Woodward took part in the study through Vanderbilt University Medical Center in Nashville.  He says he got two injections one month apart this fall, and has had no side effects.  He's unaware of whether he received the actual vaccine or was in the placebo group.


DNC video

President-elect Joe Biden is planning to reinforce the nation’s refugee resettlement efforts after a dramatic decrease in admissions under President Trump. A Bowling Green-based refugee resettlement agency is hoping to help many more people once Biden becomes president.

Biden wants to set the refugee admission’s cap to 125,000 and then gradually increase that number over time. Under the Obama administration, 110,000 refugees were allowed to resettle. The Trump administration cut admissions to 15,000, the lowest number of refugees coming into the U.S. on record.

Albert Mbanfu, the executive director of the International Center in Bowling Green, said while Biden’s plan is promising, it won’t have an immediate impact. He said due to the limited number of refugees currently being allowed into the country, the resettlement process has slowed drastically.


The Trump legal team has suffered another loss in its continuing attempts to reverse the results of the 2020 presidential election.

In a scathing opinion, a federal appeals court said Friday that a lower court acted properly when it threw out the Trump campaign's challenge to the certification of the election results in Pennsylvania.

WFPL

Kentucky is set to receive about $10 million in federal funds from the Great American Outdoors Act and the Land and Water Conservation Fund for improvements on and the expansion of public lands.  

The funds will help pay for a new roof on the Mammoth Cave Hotel. They’ll also be used to acquire a civil war battle site and lands for wildlife conservation and recreation in the Cumberland Plateau and along the Green River. 

“We continue to make progress to deliver on the purpose of this historic conservation legislation,” said said Margaret Everson, Chair of the Great American Outdoors Act Task Force in a press release. “We carefully evaluated each deferred maintenance project and land acquisition to maximize the return on investment for the American people and deliver on the promises of this unprecedented opportunity.”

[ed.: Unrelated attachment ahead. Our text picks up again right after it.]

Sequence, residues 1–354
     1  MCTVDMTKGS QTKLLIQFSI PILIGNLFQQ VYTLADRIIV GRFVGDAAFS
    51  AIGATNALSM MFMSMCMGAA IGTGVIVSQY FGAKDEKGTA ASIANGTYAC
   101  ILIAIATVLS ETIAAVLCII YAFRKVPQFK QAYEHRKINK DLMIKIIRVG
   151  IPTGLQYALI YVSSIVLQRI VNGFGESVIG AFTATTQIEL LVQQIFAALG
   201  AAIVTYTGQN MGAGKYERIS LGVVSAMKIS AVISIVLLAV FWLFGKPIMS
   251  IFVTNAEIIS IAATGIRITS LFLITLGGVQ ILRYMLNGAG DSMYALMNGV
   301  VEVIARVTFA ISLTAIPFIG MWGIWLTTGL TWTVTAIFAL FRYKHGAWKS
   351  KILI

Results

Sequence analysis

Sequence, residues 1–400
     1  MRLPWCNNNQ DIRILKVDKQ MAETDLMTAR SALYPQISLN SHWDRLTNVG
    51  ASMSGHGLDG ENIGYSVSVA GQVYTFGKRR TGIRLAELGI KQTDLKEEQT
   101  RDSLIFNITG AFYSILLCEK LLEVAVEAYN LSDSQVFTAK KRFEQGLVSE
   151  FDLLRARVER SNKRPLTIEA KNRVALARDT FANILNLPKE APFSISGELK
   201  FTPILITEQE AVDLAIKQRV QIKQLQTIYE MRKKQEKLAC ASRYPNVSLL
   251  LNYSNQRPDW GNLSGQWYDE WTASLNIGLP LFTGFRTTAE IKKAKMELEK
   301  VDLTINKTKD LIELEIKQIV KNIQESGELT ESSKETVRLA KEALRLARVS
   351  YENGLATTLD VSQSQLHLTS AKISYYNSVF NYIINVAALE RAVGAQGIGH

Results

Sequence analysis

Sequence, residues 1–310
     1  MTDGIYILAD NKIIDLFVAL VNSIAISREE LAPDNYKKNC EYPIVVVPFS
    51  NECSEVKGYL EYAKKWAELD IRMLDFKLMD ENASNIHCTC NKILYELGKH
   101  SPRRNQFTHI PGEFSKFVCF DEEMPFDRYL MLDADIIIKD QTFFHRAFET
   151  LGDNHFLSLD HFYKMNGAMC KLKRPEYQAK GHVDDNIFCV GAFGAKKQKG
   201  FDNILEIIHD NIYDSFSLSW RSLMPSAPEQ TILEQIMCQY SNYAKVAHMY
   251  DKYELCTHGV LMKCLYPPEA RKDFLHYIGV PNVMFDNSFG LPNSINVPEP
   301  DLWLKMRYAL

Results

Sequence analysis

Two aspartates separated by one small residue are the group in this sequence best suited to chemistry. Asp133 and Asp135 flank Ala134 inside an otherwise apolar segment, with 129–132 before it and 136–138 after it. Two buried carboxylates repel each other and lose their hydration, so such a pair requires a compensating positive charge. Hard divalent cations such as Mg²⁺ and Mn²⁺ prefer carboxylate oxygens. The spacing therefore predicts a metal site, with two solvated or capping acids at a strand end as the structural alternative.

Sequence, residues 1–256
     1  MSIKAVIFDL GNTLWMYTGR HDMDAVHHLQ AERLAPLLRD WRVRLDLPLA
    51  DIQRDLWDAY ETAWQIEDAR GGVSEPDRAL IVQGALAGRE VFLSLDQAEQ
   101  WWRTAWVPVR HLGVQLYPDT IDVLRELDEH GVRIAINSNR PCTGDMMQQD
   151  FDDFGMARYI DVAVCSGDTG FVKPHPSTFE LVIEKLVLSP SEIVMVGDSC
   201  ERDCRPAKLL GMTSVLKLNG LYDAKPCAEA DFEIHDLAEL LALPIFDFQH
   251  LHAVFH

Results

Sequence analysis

Pages

New Weekend Programs Airing on WKU Public Radio

WKU Public Radio

New Weekend Programs Now Airing on WKU Public Radio

WKU Public Radio has some changes coming to our weekend programming lineup, aimed at enhancing the quantity and quality of shows our listeners can expect to hear on Saturdays and Sundays! The decision by American Public Media to halt production of Live From Here has led to some new additions to our weekends, and some changes to when a few current shows air. Starting Saturday, Sept. 19, our regular Saturday lineup will include an hour of Lost River Sessions Radio, the radio companion to the WKYU PBS series Lost River Sessions ; and the music program Mountain Stage .

Read More

Coronavirus Update

Office of Governor Andy Beshear

WATCH: Gov. Beshear's Live News Briefings about COVID-19

The novel coronavirus and the disease it causes, COVID-19, have had an enormous impact on daily life in Kentucky and the world, prompting governments at all levels to respond. Kentucky Gov. Andy Beshear has been holding semi-regular news briefings about measures being taken in the state to combat the spread of COVID-19. Those briefings are being streamed live at Gov. Beshear's Facebook page and YouTube channel. You can access live webstreaming of the governor's daily news conferences by clicking on the links above.

Read More

Ask Us Your Questions About Coronavirus In The Ohio Valley

Hearken

Ask Us Your Questions About Coronavirus In The Ohio Valley

The Ohio Valley ReSource and its seven partner stations in Kentucky, Ohio, and West Virginia have mobilized to cover the coronavirus pandemic and the profound effects it is having on how we live in the region. This is an anxious, bewildering time, and we know you have a lot of questions. We want to help answer them. Ask your question below and the ReSource reporters will try their best to find an answer.

Read More

Become a Member Today

LRS Archive

Bryan Lemon

LRS Live Replay: Kyshona & Dax Evans

February's Lost River Sessions LIVE show at the Captiol Arts Center in Bowling Green was a special one. Fans saw local singer and songwriter Dax Evans take the stage, performing some heartfelt original songs. Meanwhile, Nashville artist, and former music therapist Kyshona, blessed the venue on the eve of her album release with new music.

Read More

Monday Afternoons at 4:45c/5:45e

Exploring the changing economy of Kentucky, Ohio and West Virginia

Join our mailing list

We'll send you occasional updates about WKU Public Radio